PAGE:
# Function Proof . . .

1. Aug 9, 2009

### jgens

1. The problem statement, all variables and given/known data

Prove that if $f$ is the function which is not always zero, that satisfies $f(x+y)=f(x)+f(y)$ and $f(xy)=f(x)f(y)$, we have that $f(x)>0$ if $x>0$

2. Relevant equations

So far I've managed to prove that $f(x)=x$ if $x \in \mathbb{Q}$ and that $f$ must be odd.

3. The attempt at a solution

Suppose not, then if $x > 0$ and irrational we have that $f(-x) > 0 > f(x)$. Since any rational number $b > 0$ can be expressed as the sum of two irrational numbers - $x + (b-x)$ for instance - we have that $b = x + y > 0$ where $x,y$ are irrational. This implies that,

$b = f(b) = f(x+y) = f(x) + f(y) > 0$

Clearly, both $x,y$ cannot be negative since this would imply that $x+y < 0$ a contradiction. We also have $x,y$ cannot both be positive since this would imply that $f(x)+f(y)<0$ another contradiction.

I'm not positive that any of this is correct (probably isn't) and I would appreciate any corrections along with suggestions on how to complete the proof. Thanks!

2. Aug 9, 2009

### tiny-tim

Hi jgens!

Hints: what is f(√x)?

If f(y) = 0, what is f(x/y)?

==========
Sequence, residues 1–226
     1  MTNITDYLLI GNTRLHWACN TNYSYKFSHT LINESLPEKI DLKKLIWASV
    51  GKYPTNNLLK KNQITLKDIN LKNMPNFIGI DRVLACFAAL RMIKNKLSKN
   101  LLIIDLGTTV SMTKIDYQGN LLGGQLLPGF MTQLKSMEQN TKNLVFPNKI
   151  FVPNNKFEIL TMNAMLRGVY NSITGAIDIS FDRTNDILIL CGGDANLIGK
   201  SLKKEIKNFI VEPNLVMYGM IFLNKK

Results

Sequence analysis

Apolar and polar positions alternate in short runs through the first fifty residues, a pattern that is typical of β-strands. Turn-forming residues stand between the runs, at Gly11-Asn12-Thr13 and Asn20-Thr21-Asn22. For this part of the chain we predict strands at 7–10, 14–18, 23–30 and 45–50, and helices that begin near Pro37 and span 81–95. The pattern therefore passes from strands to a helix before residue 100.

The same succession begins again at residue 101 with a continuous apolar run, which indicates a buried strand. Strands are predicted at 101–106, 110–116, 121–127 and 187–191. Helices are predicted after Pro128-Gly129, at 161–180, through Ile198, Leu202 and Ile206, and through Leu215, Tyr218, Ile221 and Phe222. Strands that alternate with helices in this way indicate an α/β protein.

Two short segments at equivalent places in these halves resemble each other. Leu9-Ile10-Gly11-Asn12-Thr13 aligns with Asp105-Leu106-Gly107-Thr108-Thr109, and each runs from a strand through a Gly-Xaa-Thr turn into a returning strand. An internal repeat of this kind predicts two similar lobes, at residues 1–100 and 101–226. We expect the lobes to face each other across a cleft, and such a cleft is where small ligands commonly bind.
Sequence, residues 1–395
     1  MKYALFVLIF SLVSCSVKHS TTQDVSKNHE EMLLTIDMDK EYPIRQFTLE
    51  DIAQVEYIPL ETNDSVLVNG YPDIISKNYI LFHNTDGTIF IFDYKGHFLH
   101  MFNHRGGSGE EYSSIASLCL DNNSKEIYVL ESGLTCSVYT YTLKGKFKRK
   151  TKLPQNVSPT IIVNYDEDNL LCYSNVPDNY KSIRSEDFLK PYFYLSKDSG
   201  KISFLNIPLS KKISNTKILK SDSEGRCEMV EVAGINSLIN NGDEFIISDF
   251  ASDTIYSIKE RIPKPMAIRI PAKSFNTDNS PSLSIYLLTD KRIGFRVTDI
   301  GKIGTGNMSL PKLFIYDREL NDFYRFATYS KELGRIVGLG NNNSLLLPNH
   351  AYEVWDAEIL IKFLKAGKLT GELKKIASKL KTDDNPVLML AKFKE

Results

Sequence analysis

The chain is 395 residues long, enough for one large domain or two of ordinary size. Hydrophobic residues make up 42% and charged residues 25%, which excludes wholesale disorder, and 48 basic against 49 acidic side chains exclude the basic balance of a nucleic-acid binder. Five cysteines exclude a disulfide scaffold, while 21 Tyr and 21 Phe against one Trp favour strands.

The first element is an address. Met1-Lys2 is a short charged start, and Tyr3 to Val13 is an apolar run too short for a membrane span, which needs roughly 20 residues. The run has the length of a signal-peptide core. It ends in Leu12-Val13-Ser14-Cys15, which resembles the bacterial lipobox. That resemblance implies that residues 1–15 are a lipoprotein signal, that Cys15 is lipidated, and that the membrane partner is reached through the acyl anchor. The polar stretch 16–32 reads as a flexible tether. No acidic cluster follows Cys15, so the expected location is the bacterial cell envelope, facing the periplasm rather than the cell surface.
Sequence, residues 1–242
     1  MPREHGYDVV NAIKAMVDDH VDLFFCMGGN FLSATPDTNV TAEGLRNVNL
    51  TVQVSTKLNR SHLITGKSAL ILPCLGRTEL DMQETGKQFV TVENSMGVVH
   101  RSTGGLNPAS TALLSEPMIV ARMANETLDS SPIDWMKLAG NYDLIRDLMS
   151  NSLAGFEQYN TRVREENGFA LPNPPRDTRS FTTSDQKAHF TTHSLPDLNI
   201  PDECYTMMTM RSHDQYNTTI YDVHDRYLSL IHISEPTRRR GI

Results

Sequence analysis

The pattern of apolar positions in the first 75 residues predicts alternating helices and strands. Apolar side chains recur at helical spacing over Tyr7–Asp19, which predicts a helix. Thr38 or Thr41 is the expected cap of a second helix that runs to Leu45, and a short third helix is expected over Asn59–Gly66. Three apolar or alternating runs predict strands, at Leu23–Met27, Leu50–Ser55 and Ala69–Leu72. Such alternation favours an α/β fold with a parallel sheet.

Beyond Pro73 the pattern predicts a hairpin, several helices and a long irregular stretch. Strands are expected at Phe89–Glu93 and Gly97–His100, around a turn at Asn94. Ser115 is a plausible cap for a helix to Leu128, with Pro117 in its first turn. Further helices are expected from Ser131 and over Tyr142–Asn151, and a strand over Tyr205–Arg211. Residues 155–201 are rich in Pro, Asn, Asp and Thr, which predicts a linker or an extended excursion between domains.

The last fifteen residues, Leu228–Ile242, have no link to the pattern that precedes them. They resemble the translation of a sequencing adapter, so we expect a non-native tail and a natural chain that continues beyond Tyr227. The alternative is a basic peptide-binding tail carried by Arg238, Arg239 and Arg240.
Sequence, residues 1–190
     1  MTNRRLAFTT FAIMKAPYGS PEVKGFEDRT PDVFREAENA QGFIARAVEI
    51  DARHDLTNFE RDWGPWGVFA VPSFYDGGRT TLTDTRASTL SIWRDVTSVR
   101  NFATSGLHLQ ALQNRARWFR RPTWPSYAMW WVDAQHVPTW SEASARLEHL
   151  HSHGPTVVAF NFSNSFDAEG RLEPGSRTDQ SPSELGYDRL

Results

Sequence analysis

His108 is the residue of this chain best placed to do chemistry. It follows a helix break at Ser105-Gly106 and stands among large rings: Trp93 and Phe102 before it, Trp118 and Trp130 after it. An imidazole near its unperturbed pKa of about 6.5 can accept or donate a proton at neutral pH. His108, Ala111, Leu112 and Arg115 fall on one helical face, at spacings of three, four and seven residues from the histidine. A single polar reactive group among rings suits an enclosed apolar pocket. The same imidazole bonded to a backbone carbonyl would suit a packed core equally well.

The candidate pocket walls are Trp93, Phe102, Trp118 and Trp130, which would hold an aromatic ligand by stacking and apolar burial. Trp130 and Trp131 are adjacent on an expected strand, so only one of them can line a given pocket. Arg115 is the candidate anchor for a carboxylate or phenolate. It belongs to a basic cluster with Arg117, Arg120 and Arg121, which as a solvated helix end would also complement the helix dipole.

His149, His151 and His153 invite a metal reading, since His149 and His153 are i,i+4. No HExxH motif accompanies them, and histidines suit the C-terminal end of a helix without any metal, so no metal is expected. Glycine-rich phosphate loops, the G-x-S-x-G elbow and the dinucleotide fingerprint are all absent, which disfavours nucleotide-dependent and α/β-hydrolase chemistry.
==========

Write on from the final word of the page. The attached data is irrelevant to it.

3. Aug 9, 2009

### rasmhop

I can't really follow your logic in 3). You first assume we have one positive irrational number x which is a counterexample to the problem statement. You then choose an arbitrary positive rational number b, and consider the irrational number y=b-x (about which you know very little). You say that x, y can't both be negative which is correct (since b is positive and also since by definition x > 0 so that can't be negative), but I don't see why we couldn't have y < 0 < x. x+y could still be positive if the absolute value of x is greater than that of y, and while f(x) < 0 you don't necessarily know that f(y) < 0 (remember you only assumed that there was a contradiction at one point x, not at all irrational points).

I think you're over complicating the problem slightly. If x > 0 we can write it as $x = a^2$ for some a > 0. We then have:
$$f(x) = f(aa) = f(a)^2$$
Also note that if $a \not = 0$ then a has a multiplicative inverse so:
$$1 = f(1) = f(a)f(1/a)$$
Try to see if you can show f(x) > 0 from this. You don't need a complete formula for f(x).